The West |

Sappho Shtoltz Needs a Story

by Liana Scalettar

edited by Mathew Timmons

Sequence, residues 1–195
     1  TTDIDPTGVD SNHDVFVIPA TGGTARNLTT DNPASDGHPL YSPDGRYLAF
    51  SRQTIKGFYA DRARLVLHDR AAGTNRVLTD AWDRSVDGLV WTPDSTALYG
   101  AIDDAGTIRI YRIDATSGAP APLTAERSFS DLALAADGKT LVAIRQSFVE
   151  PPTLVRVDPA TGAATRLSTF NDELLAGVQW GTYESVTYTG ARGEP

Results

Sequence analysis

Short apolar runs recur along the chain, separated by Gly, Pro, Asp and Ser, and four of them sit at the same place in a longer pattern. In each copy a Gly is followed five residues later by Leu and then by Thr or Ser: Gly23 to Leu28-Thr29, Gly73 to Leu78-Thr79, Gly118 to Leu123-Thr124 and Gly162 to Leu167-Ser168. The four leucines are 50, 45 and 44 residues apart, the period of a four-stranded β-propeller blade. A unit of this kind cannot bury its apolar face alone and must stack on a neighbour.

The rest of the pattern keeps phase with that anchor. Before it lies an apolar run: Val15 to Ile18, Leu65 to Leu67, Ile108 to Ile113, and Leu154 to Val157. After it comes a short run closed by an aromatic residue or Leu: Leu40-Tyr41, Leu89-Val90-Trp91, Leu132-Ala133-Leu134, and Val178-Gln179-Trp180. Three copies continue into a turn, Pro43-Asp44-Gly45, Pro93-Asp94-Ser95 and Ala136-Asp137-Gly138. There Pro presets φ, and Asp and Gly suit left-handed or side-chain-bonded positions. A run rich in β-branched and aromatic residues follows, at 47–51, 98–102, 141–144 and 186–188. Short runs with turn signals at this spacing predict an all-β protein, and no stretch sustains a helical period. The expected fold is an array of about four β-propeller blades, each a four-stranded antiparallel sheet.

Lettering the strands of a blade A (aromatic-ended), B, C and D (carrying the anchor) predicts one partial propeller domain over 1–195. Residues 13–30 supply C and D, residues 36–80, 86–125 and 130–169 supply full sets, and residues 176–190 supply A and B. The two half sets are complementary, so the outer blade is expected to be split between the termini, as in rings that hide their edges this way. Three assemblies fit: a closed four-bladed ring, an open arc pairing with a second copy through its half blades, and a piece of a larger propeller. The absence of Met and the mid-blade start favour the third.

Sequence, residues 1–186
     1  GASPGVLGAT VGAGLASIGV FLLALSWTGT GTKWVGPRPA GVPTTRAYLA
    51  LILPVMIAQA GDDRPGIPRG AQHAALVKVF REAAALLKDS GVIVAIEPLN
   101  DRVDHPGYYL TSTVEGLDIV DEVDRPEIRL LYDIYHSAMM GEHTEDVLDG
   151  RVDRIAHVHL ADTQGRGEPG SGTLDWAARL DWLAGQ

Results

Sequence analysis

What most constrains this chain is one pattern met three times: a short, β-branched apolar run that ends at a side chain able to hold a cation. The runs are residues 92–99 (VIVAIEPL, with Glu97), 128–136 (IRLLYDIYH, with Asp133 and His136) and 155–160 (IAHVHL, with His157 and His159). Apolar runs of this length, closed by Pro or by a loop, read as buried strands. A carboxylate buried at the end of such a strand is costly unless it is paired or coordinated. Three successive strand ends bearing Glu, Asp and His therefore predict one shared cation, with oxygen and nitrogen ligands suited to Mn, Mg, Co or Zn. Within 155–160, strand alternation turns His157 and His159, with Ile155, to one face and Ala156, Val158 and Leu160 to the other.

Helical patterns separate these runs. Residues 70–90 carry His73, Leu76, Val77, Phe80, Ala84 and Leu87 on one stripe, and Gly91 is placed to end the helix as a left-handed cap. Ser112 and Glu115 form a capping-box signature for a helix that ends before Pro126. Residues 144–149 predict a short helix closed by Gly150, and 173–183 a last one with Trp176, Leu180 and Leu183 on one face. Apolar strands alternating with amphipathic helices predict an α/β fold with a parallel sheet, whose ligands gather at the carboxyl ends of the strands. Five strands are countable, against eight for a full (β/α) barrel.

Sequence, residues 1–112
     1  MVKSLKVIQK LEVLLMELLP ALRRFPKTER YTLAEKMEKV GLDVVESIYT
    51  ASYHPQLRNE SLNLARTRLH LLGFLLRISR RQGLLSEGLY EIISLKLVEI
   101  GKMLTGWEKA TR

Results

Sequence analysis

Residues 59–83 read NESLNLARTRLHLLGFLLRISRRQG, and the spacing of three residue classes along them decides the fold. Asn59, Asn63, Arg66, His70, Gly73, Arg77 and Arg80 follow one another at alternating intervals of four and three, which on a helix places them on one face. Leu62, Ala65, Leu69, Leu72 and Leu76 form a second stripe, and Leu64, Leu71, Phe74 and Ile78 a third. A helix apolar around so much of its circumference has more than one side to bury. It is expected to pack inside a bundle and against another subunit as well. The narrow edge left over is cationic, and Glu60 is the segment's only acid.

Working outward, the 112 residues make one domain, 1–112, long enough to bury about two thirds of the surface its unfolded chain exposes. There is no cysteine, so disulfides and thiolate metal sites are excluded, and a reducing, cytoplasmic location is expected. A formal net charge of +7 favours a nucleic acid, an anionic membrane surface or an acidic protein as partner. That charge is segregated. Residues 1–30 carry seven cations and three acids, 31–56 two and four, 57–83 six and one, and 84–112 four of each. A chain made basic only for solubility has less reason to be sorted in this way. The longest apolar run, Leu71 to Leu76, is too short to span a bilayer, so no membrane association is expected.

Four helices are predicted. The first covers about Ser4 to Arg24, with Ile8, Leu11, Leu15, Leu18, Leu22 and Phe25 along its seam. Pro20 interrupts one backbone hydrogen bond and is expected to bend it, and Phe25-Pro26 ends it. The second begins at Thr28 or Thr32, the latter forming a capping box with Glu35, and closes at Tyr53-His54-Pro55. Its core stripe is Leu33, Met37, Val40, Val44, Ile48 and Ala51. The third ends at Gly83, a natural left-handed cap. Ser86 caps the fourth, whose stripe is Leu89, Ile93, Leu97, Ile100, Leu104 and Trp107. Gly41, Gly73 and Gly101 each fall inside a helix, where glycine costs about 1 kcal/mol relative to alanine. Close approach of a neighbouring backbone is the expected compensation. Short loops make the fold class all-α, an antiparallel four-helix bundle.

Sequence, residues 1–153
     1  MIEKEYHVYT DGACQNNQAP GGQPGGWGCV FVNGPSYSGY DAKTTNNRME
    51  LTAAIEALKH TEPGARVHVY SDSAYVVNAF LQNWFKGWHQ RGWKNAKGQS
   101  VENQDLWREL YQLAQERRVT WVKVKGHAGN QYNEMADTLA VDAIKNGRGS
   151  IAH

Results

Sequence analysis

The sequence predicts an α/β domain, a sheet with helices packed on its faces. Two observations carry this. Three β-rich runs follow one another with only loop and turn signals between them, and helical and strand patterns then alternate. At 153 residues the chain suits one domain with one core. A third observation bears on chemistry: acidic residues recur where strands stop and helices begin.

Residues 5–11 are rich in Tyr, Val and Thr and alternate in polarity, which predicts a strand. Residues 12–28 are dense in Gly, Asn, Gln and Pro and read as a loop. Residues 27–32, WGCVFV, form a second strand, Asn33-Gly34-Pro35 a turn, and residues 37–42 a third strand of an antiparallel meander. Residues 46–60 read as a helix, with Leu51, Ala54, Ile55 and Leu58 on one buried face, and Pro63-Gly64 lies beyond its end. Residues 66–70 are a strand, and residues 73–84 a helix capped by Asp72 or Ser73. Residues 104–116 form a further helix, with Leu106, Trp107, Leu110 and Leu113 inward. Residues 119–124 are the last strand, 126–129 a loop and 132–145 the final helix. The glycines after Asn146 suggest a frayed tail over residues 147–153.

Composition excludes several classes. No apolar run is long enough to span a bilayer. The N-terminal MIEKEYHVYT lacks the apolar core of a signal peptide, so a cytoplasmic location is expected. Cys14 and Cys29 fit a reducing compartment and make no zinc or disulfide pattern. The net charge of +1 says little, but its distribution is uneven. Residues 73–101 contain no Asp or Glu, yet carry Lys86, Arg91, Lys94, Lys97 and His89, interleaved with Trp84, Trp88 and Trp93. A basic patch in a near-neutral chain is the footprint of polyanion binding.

To tell her son. That she is not a blond beauty with black eyes is clear. That she does not shake hands like a man is too. That she is not a baroness or in any other way connected with the Russian or any other aristocracy is too. Nots, Sappho thinks, are easy. She is stripping a king-sized bed. Its linen sheets are no dirtier than others, but they are more zigzaggy, as if the sleepers had tried to turn themselves into mummies. She works in the grandest of the grand hotels in New Paltz, as a housekeeper. Her uniform is candy blue. The guests of this hotel, having a somewhat spiritual bent and liking to walk in the woods, tend to be decent tippers. Although many are not. The management of this hotel also having a somewhat spiritual bent (diluted by time and profit and, Sappho thinks, by the sheer cliffy gorgeousness of the view) tends to pay decent salaries although not the kind that keep up with inflation or with anything else. “Morning,” Sappho sings in a voice she doesn’t recognize. Her son has kicked, one-two, in a diffident way. He’s due. Liza and Dolly chatter and laugh in the hall. They’re younger than Sappho, slower, and take their time pouring the circus blue solvent from the main vat into their separate pails. The halls are carpeted here in Grandville but the rooms, the square and round and hexagonal rooms, are not. Sappho could tell Liza and Dolly her one story—they’re in it too, probably don’t realize—but she chooses not to. She keeps it to herself and hates it with a kind of steely fervor. Absent any others. Like the one she could tell her so-far unnamed son. Dmitri? Stepan? Timothy, she ends with, always. She’s written it down on a legal pad that she keeps in her night table drawer for emergencies. The only name so honored. The one story, she thinks, the one the one, is the one of her outlandish name and its aftermath. Her German father. Her literary mother. The collusion of the two in the naming of their only child after the most minor of the minor characters in Anna Karenina. Which has become, because of its length, because of her hunger during classes, because of her mistaking the father of her first child for sustenance, because of her “sheer obstinacy” (her mother’s words)—because she is “just as smart as anyone else but must stop consorting with garage mechanics with bad skin” (German father—cold—needs a word-transfusion from lit. mother)—the only book that Sappho has ever fully read. “Done?” Trill Liza and Dolly from the hallway. They use her as a gauge of their own work. When she’s finished a king, they must be halfway through a queen or a turret room, or else they’ll fall behind. Falling behind leads to panic and docked wages. Then Liza sits at the edge of the town dump poking the refuse moodily for opals or worth-something paintings; Dolly cooks enough lentil soup for a week and heats it every night for supper for her parents, her daughter, and Treat and herself. It’s enough but not enough. The windowpanes take in the colors of ice: hard pink, frozen gold. Dolly’s parents thank her. Her daughter wants Milky Ways. Dolly takes the smallest portion for herself. “Next up,” Sappho says. Together they roll the cleaning cart six inches down the carpet. They leave the wheels so that each is positioned in the middle of one of the rug’s diamond quincunxes in unspoken superstition. “What can I tell him?” Sappho asks, gesturing with her chin at her stomach. Liza and Dolly, choosing new scrubbers, look at each other through the cart’s metal skeleton. “I don’t have anything to tell him,” she says. Liza stands and turns towards number Four-Zero-Six, a hexagon covered in mahogany. Time. “If you worked faster we could talk more,” Sappho says, and Dolly cups Sappho’s cheek in her dry hand for half a second. Maybe a quarter. “I’ve never told my daughter anything.” Dolly calls across to Four-Zero-Five, where Sappho’s begun dusting the curtains. “You have,” Sappho begins to say. Then she quiets herself. A guest is passing, stiff as a carousel horse and with the same blank gray eyes. She-guest sucks pictures in voraciously. Watching’s like men for me, Sappho thinks, for her. Three Maids in Blue, Sappho thinks. At Work. Fuzz forms long strings on the duster. Sappho picks them off, thinking of bait. When the guest reaches the end of the hall, Sappho calls to Dolly: “Yes you have.” “Like what?” Dolly comes to the door. Her hair reaches her shoulders now, Sappho sees. Grown down from a spiky cut meant to induce self-confidence. Sappho remembers her last time with Dolly’s daughter, Marina, at the playground. Marina picked up stones, bottle caps, goldenrod. She held it all on her palm. “You’ve told her about mica,” Sappho says. “What?” Dolly swings her hair back. She might want to fight. “Mica.” “Who are you talking about?” Liza yells. Four-Zero-Six turns glossy and deep when the cleanser is applied, but the corners hold old snow and dirt, crusts left from boots and lost mittens. “She’s saying I told Marina about Micah,” Dolly says. Dolly’s rag twitches in her hand. “Who?” Sappho comes to her door and stands in it. (Maid Resting, she thinks.) “No one,” Dolly says; Liza goes to her far corner with assiduous attention. “I said,” Sappho says, “That you told Marina about mica. What makes the stones glitter.” “My-ka, Doll,” Liza says. Dolly rubs her face with her forearm. “I think I taught her a few flowers too,” Dolly says turning. “Okay Sappho? Okay? You’re right.” “Sappho,” Liza says. “No offense but what are you talking about?” They are all three in their doors now, leaning into the frames, wet rags hanging to the floor and dripping. Three Maids’ Symposium, Sappho thinks; as she does, she-guest reappears and glides back the way she’s come, walking gingerly, her mouth a little more open than during the first pass. Why aren’t they sharing a room? Sappho thinks. She-guest smiles at her—eyes snapping to like they’ve just remembered where they are—and flushes nicely. Dmitri-Stepan-Timothy kicks hard. Sappho feels him turning over like an engine or a wheel. She feels the presence of him running along her arteries, stopping and blossoming behind her eyes and mouth as if he might be born from there, She smiles back at the guest. “Oh God,” Liza says. “It’s so late. Are you answering me?” Sappho realizes that she wants to slap she-guest for looking so secret; she flicks her rag at Liza, says, “I’m worried about what kind of mother I’ll be in my ignorance.” Liza’s mouth closes into a colorless line. Sappho penetrates further than she’s gone before into Four-Zero-Five and in slow looping motions unwinds the vacuum’s cord. Then she remembers that the rooms have no carpets and rewinds the cord around the two metal hooks. Polishing, then: she uses an old-fashioned wax, rubs scraps of it over the pads of her fingers for their feel. They drink together after work in the Beerga-ten. Every month Liza tells the owner to fix the sign—to take out one “e” and add new neon to the “r” tube. But the others like it. Sappho, Dolly, Treat (Dolly’s husband and Marina’s father), Josh (Liza’s cousin and the father of Sappho’s first child), and the Trainers, and Mitten Smith. Nursing seltzer with lime, admiring the amber way whiskey leaves glasses, Sappho plants her feet hard. Gemma, her first, was born late. Now at two she has red curls and killer glances; she’s quiet, mostly, but given to outbursts of song. When she asks questions that Sappho can’t answer—is there water on the moon? Does everyone sing secretly? Sappho pretends not to have heard and begins a new game, one requiring no certainties. Soon Gemma will go to school. (“You can’t chew gum in school,” Sappho has said. Gemma loves Chiclets. “That,” Sappho added in a new smoother voice, “is a fact.”) “Any day now.” Treat’s stopped in front of her. “Any day,” Sappho says. Later, surrounded by the dusk warmth of Mitten’s car, she feels settled for the first time today. The green speedometer lights please her by their shining stillness. Outside, branches stream by. Live black lines on the glass. The next day, she’s slow changing. Whims take her: for salt, for light. The uniform zipper sticks so that she needs Dolly’s help. Her friend’s cold fingers aren’t awake yet, she sees. Six in the morning. Pipes begin coming to life. The locker room, stuck at one end of the cavernous basement, fills with all their wakings. One by one the women turn into bright blue figures. To maintain singularity, one has substituted black laces for the standard white, one wears a necklace made of bird amulets. Sappho’s decided (as she did with Gemma) that third-term pregnancy is enough of a marker. “I’m the pregnant one,” she thinks. Liza stumbles. She’s hung over and has circles like moth wings under her eyes. Dolly and Sappho help her find the second regulation shoe. “Speed,” Liza says, looking straight at Sappho. “I can’t talk today.” Dolly with a tender dexterity ties the white laces. “Let’s go,” she says. “You go up,” Sappho says. “I’ll be right there.” She wants to sit a minute. Does so, as the woman with the bird necklace folds each piece of her street clothing into an excellent square. Liza and Dolly leave in silence, Dolly steering Liza a little with a hand at the small of her back. The bird woman stands before her open locker. The curve of her arms angular and vivid. “I know,” Sappho wants to say but doesn’t. They’re strangers in the half-official locker room way: nod with averted eyes if they ever pass each other in a hotel hallway, smile with closed lips if they see each other outside. Corie? Katrin? The room is filling, from the steamed-over windows, with day. Sappho knows every step Liza and Dolly will take now: the laundry is next. They pick the best cart and fill it with linens and towels. They try to get the best of those too, so does the woman in the bird necklace, the one with black laces, so do they all. A little game. More strangers: the people who work in the laundry room, in their paper boat-shaped hats. After that the supply room, guarded by a janitor who also maintains a stray cat. The solvents are here and the waxes and the pink silver polishes. (Sappho in her sixth month—both of them—wanted to eat some but didn’t. Pretty polish. “What’s wrong with dirt?” Dolly asked. “Minerals at least.”) The women refill their source pails and their atomizers and their small tubs. They wait in line, carts parked along the far asylum-green wall. Only then, after they and their carts are dressed, do they have breakfast, sitting in ranks along the low benches in the staff dining room. They eat the same food as the guests but without a buffet: plates appear, of blueberry pancakes or apple-stuffed crepes. Today Sappho picks at her roasted oranges. “You done?” Liza asks. The wings fading. Sappho pushes the fruit onto Liza’s plate and sucks the syrup left on her fork. “You,” Dolly tells Sappho, “should eat.” Dolly was eating a Friendly’s peanut butter sundae when she went into labor with Marina. She believes in sundaes. She also, because she had just been buying a rocking chair to nurse in and Treat had made her test every chair, believes in rockers. “Eat!” Dolly’s adamant. Sappho has not taken the oranges back. She’s slumped forward a little, as if to protect her son. “Some people are hungry and others aren’t,” Liza hisses. Then she looks as if she’ll cry. Dolly and Sappho make sympathetic noises and touch Liza’s hands in little snatches. She’s on probation, having come to work drunk once before. When Liza picks up one orange and squeezes its pulp into her mouth, Sappho feels better. She can go back to her topic. “So,” she says. “This—thing for my son?” “Tell him your story.” Liza’s full now. “About your name.” “Liza,” Dolly says. “Liza,” Sappho’s tranquil. (“They know?” She thinks.) “The point is I need a new thing to tell him, I need an anecdote, everyone has an anecdote. Some funny or tender thing.” She must have told them once and forgotten. They’ve been working together for years. “What Sappho’s trying to say,” Dolly picks up, “is that she wants to be able to teach her son but she feels inadequate because she dropped out, right Sappho?” “Sort of.” Dolly’s meetings with a social worker lead to this kind of comment. Sappho regrets the lost breakfast—regret drops fast, like a curtain. She looks over her shoulder. Other people are already clearing their plates. “What do you tell Gemma?” Dolly has assumed a helpful-friend air that makes her look queasy, like the fragile one on a Mexican soap. “Gemma!” Liza squeals. “When is your next date?” Sometimes Liza babysits. When Sappho forgets to come home, Liza holds Gemma and they sleep together on the couch. “Not to chew gum,” Sappho says, distracted, trying to score more food. She waves at a friend, Gabe, who works in the kitchen. The friend shakes his head: done. “He’s cute,” Liza says. She waves. Sappho’s friend saw her give her food away and wonders what was wrong with the roasted oranges. He likes to try new recipes. “You’re cute,” Liza mouths, and Sappho and Dolly press their hands into their faces. In the service elevator, Sappho whispers “it’s urgent” in Dolly’s ear. She doesn’t know what she wants. Should Dolly recommend a novel? Walk her to the community college and watch as she enrolls in a GED class? Clip book reviews for her, to be put in the browning envelope where she keeps similar clippings from her mother? “Honey please,” Dolly says. On nine they push the cart out. Liza runs ahead to count the empties, checking open doors against a printed list. They clean those first. “I want to live on light and salt,” Sappho says. “Honey please please,” Dolly says. “Hon.” Ice has grown thick on the lake. Sappho looks at it from the window of Nine-Ten as she sprays the glass. Wedged between two cliffs, left there by a receding glacier (like all of us, Sappho thinks), its perimeter turns jaggedly. Guests skate or gaze at the ice. Some do tricks; some spin in their winter layers like gaudy chrysalides. Some, Sappho thinks, are like Kitty and Levin. About to be. Looking harder she sees a skater whom she thinks she knows, the gray-eyed horse guest. The woman is wearing fluffy earmuffs and swinging her arms in a near-Olympic way. Sappho wonders about the boyfriend-down-the-hall: is he licit? Is it a sexy game? Is he the one who leaves notes saying that fresh towels every day are not only not necessary but environmentally unsound? (“Am I the fucking founder?” Liza says, but Sappho and Dolly pocket the notes and leave extra peppermints.) When her forehead touches cold, Sappho realizes she’s tired. It’s early still, eight-thirty or nine, but she will take a short break in the armchair. She will close her eyes. She imagines an ottoman with green cushions for her feet. Up they go, onto the great feathered pillow. She’s had the monster dreams, of the child born with a dog’s head or a dragon’s tail. She’s had the death ones too, the still fetus taken from her mouth by a Grace Kelly kind of nurse. Now she hopes for better—she’ll stay awake and so control the pictures. Here we are visiting the apple orchard, here the cider press smells of mash and honey. Here Gemma and Timothy jump from the old dock into Lake George and drops fly up full of rainbows. They wave for her and she swims too, three bright heads above the surface. The far shore is full of spruce. How it happens is unclear, but she sleeps, she sleeps with abandon. A first. She knows because Dolly is shaking her shoulder saying Sappho Sappho Sappho. “I fell asleep,” she says. Dolly’s done the room for her: mopped the floor, shaken the drapes. They’ll be on time for the occupieds. She has not dreamt. A single skater is still on the ice. It’s the horse woman, going round and round in long loops. “Happens.” Dolly’s pensive. She seems to know something Sappho doesn’t. It’s in the way her eyes narrow and the irises’ color deepens. “What,” Sappho says, but Dolly walks her out to the hall and to the next room in silence. By the time they move down a floor, to eight, Sappho’s awake. She notices everything. Liza’s skinny torso, the cut velvet scarf on a floor. They’re working in a good rhythm now, all three. No talk. The occasional slap of a rag on a writing table, the squeak of a wet mop on a board. Sappho’s mouth tastes of metal. She wants to see the guest again, to speak to her. She wants, like a deer, to lick a salt block. In Eight-Two-Three, Liza’s on her knees dusting furniture legs. Her neck cambers—its curve reminiscent of a road. Dolly, sick of the season, keeps sticking her face into sun. They work in silence for an hour. At eleven, they get to the fourth floor. Without having planned to, Sappho looks for the skater. Timothy (he is only Timothy now, she thinks) gives a light tumble. Dolly takes check-on-Sappho breaks with some frequency, stopping and finding her, and appraising her, the way she does a piece of questionable meat. Liza swipes her furniture savagely. In spring, she will take the heads off dandelions. She will somersault from the cracked diving board into the lake. Sappho begins to sing. Words and melody made up and inharmonic. There are bitter parts, she thinks. She sings through one room and then another. Her back is to the door when the guest enters, but she knows at once, from the apologetic tread, that the room’s occupant is back. She imagines the stricken look, the sorries. Turning, balling the rag into her palm, she sees a man with adamant eyes that become more and more luminous. The skater’s lover, on his way to a tryst. Ice glitters along the black buttons of his coat and along his eyelashes there’s an iridescent wet fringe. “Sorry,” the man says. With his raptured open look, one that wonders rather than hoarding pictures. Sappho relaxes her hand. “I forgot my scarf.” This, though he can’t possibly be going back out, not after so much time. Sappho turns back to her washing. They both know she can’t answer. Not done. “Do you skate?” The man lifts a sweater from a rocking chair. “I do.” Sappho tries to sound final. No more questions. “Do you skate in rinks too?” Sappho has some questions of her own but she keeps them in. The man touches Sappho’s shoulder. A pitying kind of contact. Are you deaf? Do you know what a rink is? “Rinks too,” Sappho says. She wants to go back to sleep. She wants to forget that she is over nine months pregnant. She wants to imagine what takes place in Four-Three-Three that makes the man so open and the woman so self-contained and rosy. But as the guest’s hand stays on her shoulder, as Liza and Dolly have moved around the corner, as Timothy has started an unusual delicate kicking that matches her heartbeat, Sappho adheres to the moment. She turns around and feels the stretched polyester against her stomach. When she kisses the guest, the inside kicking stops. The smell of ice and light and sex steadies her. I’m due, Sappho thinks. She stops running her tongue along the man’s palate. “Now I’m sorry,” she says, and they both giggle. And she kisses the man’s neck below the ear and says “sorry” again and shakes out the rag as a sign. “I saw you yesterday,” the guest says. “You and two others.” But Sappho doesn’t answer. She waves the rag—its blue and white wavy stripes should be a clear warning, the way a red flag on a beach is. She waves again. The flag isn’t working. “When are you due?” The guest asks. Is he mad? “Now,” Sappho says. “No, I mean what day. I mean I can see.” “I mean now,” Sappho says. “Can you call my co-worker?” The man pales and runs. “Thank you,” Sappho calls. She sits in the armchair, her second that day. “I faked,” she tells Dolly. “I’m not in labor.” They’ve moved together to the silk-covered settee that reminds Dolly of lungs, for which she loves them. “Fucking doll couches,” Liza calls them. “I realize.” “I might be in labor,” Sappho bristles. “What do you know?” But she doesn’t go on: Dolly’s leaned forward and rested her chin on the pommel of her two fists. They are all behind. They will go on being behind tomorrow and for the rest of the week. “Okay,” Dolly says, “look.” “I know,” Sappho says. “I stopped in my seventh month,” Dolly says. “I know you don’t have Treat, I know you have Gemma and I know your parents aren’t around, but if you’re going to get so tired and sit in armchairs and kiss guests, Sappho, if you’re going to, because you’ve been pregnant before and you know it—.” The sad machine of Dolly’s voice goes on and on. “And kiss guests?” Sappho says. “Your mouth.” Dolly turns away politely. “Dolly?” Sappho says. She’s hesitant; then, as if a shawl, fringed and bird-patterned, has been wrapped around her, becalmed. Dolly stands up. Her hands still in fists. “What.” Not a question any longer. “My water broke,” Sappho says. For a second she worries that Dolly won’t believe her. “I’m the maid who cried wolf,” she thinks. But when she lifts her eyelids up and dares to face her friend, she relaxes. Dolly’s looking out the window and crying. “This view,” she’s saying. “This view.” Mustering strength, Sappho stands and joins her, as Timothy’s former home drips down the insides of her legs. A gold blanket of sun floats on top of the lake ice; the trees’ shadows look black and stark. “Dolly,” Sappho says. “Let’s go.” Dolly takes her hand. “We’ll get Liza to do this.” “We’ll take Gabe and his car,” Sappho says. “We’ll make sure Liza picks Gemma up from day care,” Dolly says. By the time they reach the elevator Sappho has resumed singing. Liza has been charged with hiding all evidence of Sappho’s improper use of hotel property. The man has been found and apologized to for the third time. He’s on his way back to the lake. “Who can resist?” Sappho says hobbling down the grand square staircase. “Bye!” Gabe’s car is known for its love of potholes but Sappho doesn’t care. She sits in the back seat chattering. “Hey,” Gabe says. The breakfast misunderstanding has been cleared up. “Who’s going with you?” “You are,” Sappho says. Dolly gets a stitch from laughing. Gabe gets a better grip on the wheel. These trees—the ones rushing into the window and out again—are different from the ones by the lake. They’re knobbier and blemished, with old caterpillar tents, gashes, ringed scars. Sappho considers them. “Are you feeling better about this story issue?” Dolly wonders. “This—this telling him something?” Gabe wants to be caught up and Dolly explains in a don’t-wake-the-invalid whisper. “You’ve read Anna Karenina?” He says. “Wow.” Sappho lifts a hand to her braided head. She hasn’t thought of it like that.